els of drug-seeking behavior, that have, for example, yielded objective measures of initiation and repeated administration of drugs, thereby providing the scientific foundation for assessments of "abuse liability" (i.e., the potential for abuse) of specific drugs (see Chapter 2). This information is an essential predicate for informed regulatory decisions under the Food, Drug and Cosmetic Act and the Controlled Substances Act. Taking advantage of technological advances in molecular biology, neuroscientists have identified receptors or receptor types in the brain for opioids, cocaine, benzodiazepines, and marijuana and have described the ways in which the brain adapts to, and changes after, exposure to drugs. Those alterations, which may persist long after the termination of drug use, appear to involve changes in gene expression. They may explain enhanced susceptibility to future drug exposure, thereby shedding light on the enigmas of withdrawal and relapse at the molecular level (see Chapter 3). Epidemiologists have designed and implemented epidemiological surveillance systems that enable policymakers to monitor patterns of drug use in the population (Chapter 4) and that enable researchers to investigate the causes and consequences of drug use and abuse (Chapters 5 and 7, respectively). Paralleling broader trends in health promotion and disease prevention in the past 20 years, the field of drug abuse prevention has made significant progress in evaluating the effectiveness of interventions implemented in a range of settings including communities, schools, and families (see Chapter 6).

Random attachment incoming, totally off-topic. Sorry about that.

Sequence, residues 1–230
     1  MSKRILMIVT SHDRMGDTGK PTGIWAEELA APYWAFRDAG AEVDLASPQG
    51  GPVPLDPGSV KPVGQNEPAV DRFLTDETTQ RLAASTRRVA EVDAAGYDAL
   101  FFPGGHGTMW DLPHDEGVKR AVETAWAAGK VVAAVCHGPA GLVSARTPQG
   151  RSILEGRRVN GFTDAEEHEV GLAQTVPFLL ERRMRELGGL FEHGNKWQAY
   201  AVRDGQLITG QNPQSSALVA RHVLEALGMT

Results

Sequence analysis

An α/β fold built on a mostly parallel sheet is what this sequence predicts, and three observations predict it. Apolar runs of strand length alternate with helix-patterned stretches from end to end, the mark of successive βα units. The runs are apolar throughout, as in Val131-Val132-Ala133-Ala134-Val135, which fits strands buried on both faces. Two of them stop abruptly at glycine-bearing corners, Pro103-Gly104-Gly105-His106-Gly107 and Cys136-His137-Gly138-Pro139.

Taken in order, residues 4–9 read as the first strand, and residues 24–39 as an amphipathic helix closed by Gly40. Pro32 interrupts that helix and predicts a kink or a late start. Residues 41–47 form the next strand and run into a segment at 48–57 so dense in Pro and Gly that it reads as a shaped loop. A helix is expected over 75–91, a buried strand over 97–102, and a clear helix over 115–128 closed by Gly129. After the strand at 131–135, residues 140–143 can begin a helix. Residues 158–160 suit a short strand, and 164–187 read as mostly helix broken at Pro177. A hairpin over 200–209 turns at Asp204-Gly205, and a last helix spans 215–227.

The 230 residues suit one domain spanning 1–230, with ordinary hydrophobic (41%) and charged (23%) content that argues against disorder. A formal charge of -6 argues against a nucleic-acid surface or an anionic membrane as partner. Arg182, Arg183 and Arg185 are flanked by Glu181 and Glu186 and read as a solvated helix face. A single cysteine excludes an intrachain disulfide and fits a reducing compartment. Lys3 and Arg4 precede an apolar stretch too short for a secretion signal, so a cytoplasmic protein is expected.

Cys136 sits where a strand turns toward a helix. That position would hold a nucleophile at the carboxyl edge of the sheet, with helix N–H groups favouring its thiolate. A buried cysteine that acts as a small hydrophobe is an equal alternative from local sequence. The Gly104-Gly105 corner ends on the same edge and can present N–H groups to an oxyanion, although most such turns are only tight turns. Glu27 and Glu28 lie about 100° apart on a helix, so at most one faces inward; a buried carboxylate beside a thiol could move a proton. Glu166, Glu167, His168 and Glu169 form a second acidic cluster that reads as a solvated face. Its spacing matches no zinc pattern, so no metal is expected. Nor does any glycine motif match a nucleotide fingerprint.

Marked gains have also been made in treatment research, including improvements in diagnostic criteria; development of a wide range of treatment interventions and sophisticated methods to assess treatment outcome; and development and approval of Leo-alpha-acetylmethadol (LAAM), a medication for the treatment of opioid dependence. Pharmacological and psychosocial treatments, alone or in combination, have been shown to be effective for drug dependencies, and treatment has been shown to reduce drug use, HIV (human immunodeficiency virus) infection rates, health care costs, and criminal activity (see Chapter 8).

Drug abuse researchers have also made major contributions to knowledge in adjacent fields of scientific inquiry. For example, NIDA-sponsored research was the driving force in the identification of morphine-like substances that serve as neurotransmitters in specific neurons located throughout the central and peripheral nervous systems (Orson et al., 1994). Identification of these substances represents a dramatic breakthrough in understanding the mechanisms of pain, reinforcement, and stress. Additionally, the discovery of opioid peptides as neurotransmitters played a key role in the identification of numerous other peptide neurotransmitters (Cooper et al., 1991; Goldstein, 1994; Hokfelt et al., 1995). These discoveries have broadened the understanding of brain function and now

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